In addition, if adults don’t take into account a student’s passion and knowledge in an area, they can miss the chance to give a student a challenging book about, say, baking or skateboarding. “Even within a reading level, there’s so many factors that go into ability,” says Cheryl Wolf, librarian at the Neighborhood School and S.T.A.R. Academy in New York City.

The biggest argument against leveled reading, made by Miller and other experts, is that the system has moved from ranking books to labeling students. On her blog, Miller describes seeing kids at the library wearing tags stating what range of books they can check out. “This is a teacher’s tool, not a child’s level,” she says. It also limits the opportunity to browse widely. “When kids come from schools that are highly leveled, they don’t know how to choose a book.”


Ongoing debates

With the old research discredited, other studies are filling the gap of how best to match readers with books. One is Alisa Morgan’s work, published online in The Journal of Educational Research in 2010, that randomly put second graders in one of three groups: reading on grade level, reading two grades above their level, or reading four grades above their level.

After a period of time, that research showed, students reading on their instructional level learned less than those reading two levels above, according to Shanahan. Future studies, mostly with elementary students, backed up this finding.

Another issue with leveling, Shanahan adds, is that the system leaves some students short of where they should be when they graduate high school. “Literacy demands have gone up. Sending kids out with the same level we used to isn’t enough.”

But findings from recent studies can take time to filter into the actions of school administrators, teachers, and librarians, he says. “The research is very solid behind what I’m saying, but it’s an uphill fight because [leveled reading] is so entrenched.”

Another common complaint is that students can get pigeonholed with a certain reading score for too long, robbing them of the ability to move to more difficult books as the school year progresses and their reading ability rises.

“Reading the same level book [for one school year] is educational malpractice,” says Paula J. Schwanenflugel, coauthor of The Psychology of Reading. “An observant teacher won’t let that happen.”

In addition, students have a lot to gain by reading books above or below their assigned level. Reading a book above their level may require more interaction with a teacher or librarian who can support, scaffold, and explain a book as the student progresses. In today’s world of larger class sizes and librarian cutbacks, this time is harder to find for reading teachers.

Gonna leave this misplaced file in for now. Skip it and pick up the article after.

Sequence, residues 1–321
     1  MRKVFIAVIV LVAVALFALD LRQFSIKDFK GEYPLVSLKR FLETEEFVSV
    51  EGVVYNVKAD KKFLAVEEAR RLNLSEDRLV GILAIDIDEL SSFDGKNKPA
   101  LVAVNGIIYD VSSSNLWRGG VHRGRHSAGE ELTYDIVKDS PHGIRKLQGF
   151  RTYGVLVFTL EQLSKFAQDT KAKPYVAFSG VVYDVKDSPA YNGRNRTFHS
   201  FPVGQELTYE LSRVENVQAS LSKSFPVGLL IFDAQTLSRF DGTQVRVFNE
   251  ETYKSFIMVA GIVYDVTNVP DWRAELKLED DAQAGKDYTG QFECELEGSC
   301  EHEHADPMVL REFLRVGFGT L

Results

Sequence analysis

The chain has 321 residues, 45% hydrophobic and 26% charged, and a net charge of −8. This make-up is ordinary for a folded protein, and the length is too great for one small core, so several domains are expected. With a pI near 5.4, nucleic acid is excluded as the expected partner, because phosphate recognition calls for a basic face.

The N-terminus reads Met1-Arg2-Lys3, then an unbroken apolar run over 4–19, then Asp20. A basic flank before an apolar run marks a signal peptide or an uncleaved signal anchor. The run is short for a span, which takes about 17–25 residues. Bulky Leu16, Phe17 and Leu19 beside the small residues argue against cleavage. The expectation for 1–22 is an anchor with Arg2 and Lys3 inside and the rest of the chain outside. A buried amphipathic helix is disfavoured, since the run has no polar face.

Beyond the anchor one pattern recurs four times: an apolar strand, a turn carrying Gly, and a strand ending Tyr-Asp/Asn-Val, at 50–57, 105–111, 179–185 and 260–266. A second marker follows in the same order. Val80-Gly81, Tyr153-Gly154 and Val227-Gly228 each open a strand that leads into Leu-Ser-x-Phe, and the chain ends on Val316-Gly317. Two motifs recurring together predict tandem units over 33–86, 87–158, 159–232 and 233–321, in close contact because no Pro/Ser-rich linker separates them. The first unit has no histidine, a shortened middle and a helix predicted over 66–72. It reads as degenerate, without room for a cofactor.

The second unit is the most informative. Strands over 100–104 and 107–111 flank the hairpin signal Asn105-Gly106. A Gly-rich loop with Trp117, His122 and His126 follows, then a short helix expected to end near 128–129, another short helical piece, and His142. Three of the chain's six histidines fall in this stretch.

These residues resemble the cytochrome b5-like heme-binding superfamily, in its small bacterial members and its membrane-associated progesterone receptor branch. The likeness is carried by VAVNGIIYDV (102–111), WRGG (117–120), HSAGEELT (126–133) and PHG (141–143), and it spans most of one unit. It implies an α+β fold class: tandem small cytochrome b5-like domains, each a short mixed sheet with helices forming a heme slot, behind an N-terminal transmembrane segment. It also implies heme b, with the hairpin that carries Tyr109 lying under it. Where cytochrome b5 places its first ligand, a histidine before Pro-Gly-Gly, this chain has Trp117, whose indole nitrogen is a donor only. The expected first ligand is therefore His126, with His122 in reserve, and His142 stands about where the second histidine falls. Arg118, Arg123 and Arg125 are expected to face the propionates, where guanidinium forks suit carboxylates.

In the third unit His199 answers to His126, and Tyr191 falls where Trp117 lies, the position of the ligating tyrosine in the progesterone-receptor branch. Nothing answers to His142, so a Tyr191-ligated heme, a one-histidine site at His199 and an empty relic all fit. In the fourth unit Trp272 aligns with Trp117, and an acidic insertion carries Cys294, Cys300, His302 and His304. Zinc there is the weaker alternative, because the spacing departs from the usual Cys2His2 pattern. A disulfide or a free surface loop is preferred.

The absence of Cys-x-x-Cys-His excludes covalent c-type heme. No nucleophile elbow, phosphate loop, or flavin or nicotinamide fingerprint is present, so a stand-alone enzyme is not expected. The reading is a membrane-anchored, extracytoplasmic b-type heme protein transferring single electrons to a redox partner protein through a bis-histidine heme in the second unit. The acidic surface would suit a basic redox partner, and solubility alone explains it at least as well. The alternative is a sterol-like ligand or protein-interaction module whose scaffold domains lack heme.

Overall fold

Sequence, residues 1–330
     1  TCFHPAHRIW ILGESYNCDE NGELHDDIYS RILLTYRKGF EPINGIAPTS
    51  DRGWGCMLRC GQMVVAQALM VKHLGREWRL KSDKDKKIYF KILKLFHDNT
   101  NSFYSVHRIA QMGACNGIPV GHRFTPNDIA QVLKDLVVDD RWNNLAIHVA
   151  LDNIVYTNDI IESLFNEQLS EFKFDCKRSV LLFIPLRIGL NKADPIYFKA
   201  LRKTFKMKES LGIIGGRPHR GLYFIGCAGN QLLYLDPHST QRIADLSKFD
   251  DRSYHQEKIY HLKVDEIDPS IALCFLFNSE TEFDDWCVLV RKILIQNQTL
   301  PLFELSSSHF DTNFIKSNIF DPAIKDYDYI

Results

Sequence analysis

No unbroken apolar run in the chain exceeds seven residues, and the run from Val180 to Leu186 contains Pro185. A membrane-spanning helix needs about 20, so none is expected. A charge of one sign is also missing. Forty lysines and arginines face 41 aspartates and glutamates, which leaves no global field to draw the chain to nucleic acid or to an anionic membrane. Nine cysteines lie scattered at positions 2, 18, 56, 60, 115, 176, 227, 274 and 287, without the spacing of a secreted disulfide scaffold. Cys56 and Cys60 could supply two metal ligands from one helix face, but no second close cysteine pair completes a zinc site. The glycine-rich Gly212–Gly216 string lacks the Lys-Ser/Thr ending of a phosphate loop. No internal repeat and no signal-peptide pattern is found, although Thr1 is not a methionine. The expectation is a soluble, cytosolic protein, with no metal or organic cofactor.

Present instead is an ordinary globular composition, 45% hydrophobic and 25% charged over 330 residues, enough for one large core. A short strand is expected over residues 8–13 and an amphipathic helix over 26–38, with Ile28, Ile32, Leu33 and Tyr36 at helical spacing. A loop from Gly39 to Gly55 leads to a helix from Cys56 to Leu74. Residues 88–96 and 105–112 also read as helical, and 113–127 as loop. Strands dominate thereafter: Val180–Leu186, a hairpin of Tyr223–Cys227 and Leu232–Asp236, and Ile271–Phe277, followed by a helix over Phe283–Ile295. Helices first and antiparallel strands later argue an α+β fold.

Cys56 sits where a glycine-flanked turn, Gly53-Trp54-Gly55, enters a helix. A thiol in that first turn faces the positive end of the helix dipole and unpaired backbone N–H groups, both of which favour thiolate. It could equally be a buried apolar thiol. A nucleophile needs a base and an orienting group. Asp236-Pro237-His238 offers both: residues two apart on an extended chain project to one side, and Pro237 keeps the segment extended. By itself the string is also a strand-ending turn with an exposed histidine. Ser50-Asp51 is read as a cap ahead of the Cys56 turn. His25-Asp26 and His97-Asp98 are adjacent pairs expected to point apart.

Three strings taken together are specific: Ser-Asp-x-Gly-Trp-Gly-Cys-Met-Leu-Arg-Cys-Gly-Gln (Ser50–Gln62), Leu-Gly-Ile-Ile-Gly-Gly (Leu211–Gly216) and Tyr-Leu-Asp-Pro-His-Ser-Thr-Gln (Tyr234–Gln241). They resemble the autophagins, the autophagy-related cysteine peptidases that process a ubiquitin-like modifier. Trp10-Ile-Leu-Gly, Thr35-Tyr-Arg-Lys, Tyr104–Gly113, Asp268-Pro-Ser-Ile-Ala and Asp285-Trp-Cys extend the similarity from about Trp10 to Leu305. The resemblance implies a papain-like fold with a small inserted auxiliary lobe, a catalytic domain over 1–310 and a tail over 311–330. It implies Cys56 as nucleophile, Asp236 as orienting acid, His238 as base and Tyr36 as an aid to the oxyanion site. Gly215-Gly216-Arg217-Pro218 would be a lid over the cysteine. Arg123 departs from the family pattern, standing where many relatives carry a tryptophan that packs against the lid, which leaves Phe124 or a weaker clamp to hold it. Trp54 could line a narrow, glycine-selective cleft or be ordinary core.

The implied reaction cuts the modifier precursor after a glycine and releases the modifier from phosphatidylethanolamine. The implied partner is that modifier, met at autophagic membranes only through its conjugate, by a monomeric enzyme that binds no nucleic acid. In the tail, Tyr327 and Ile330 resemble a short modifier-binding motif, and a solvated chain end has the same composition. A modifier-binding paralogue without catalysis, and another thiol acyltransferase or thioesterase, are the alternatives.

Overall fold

Miller notes that students reading below their level can gain valuable reading skills, such as increasing their speed, fluency, and ability to chunk words. Karen Yingling, librarian at Blendon Middle School in Westerville, OH, says that one summer her third grade daughter, who was five grade levels ahead of her age group, spent the summer reading HarperCollins’s “I Can Read!” books for hours on end. When she returned to school in the fall, her reading level had increased.


Creative solutions

Despite the heated rhetoric about this topic, there is some middle ground. As Yingling says, “Leveling is an educational tool. It can be used well or used poorly.”

Shanahan says research makes it clear that kindergartners and first graders shouldn’t be reading books that are harder than their ability, especially when reading is mostly about decoding words. “I’m a little protective of beginners,” he says, but even by second grade, he says, schools “are holding students back for bad reasons.”

Yingling says using Renaissance’s Star Reading test helps her understand how children, including her own, are comprehending what they read. “If they can’t understand their book and they are in fifth grade, pick a fourth grade level book,” she says. Yingling says she doesn’t pay attention to books’ levels when helping stronger readers.

Wolf runs a library shared by two schools in New York City. While she understands that leveled reading is useful for teachers, she knows her library exists to support individual reading and choice for pre-K to fifth grade students. To balance this gap, she created her own system, adding color-coded stickers to books instead of making separate fiction categories. While students don’t notice the stickers, she says, the system helps her guide readers without limiting them.

Read: Fountas and Pinnell Say Librarians Should 
Guide Readers by Interest, Not Level

If librarians face pressure to level their collection against their wishes, Miller recommends that they say, “Here’s the research informing my decision to not level the school library. I know you want research-based practices in the school.”

Miller points out that administrator leaders making the request often don’t have research to counter their arguments. Librarians can find articles or a policy statement from the American Library Association to back up their claims, she adds.

Shanahan invokes an athletic comparison when offering advice. Top runners don’t train at one level, he says: They take long runs, fast but shorter runs, and also can lift weights to build specific muscles. Variety should be the key for readers, too. “Kids should read a wide range of texts, and libraries can help,” he says. “They should read easy books to things that kick their butt. The variation of difficulty does matter.”

Wayne D’Orio wrote SLJ’s January cover story on school boards.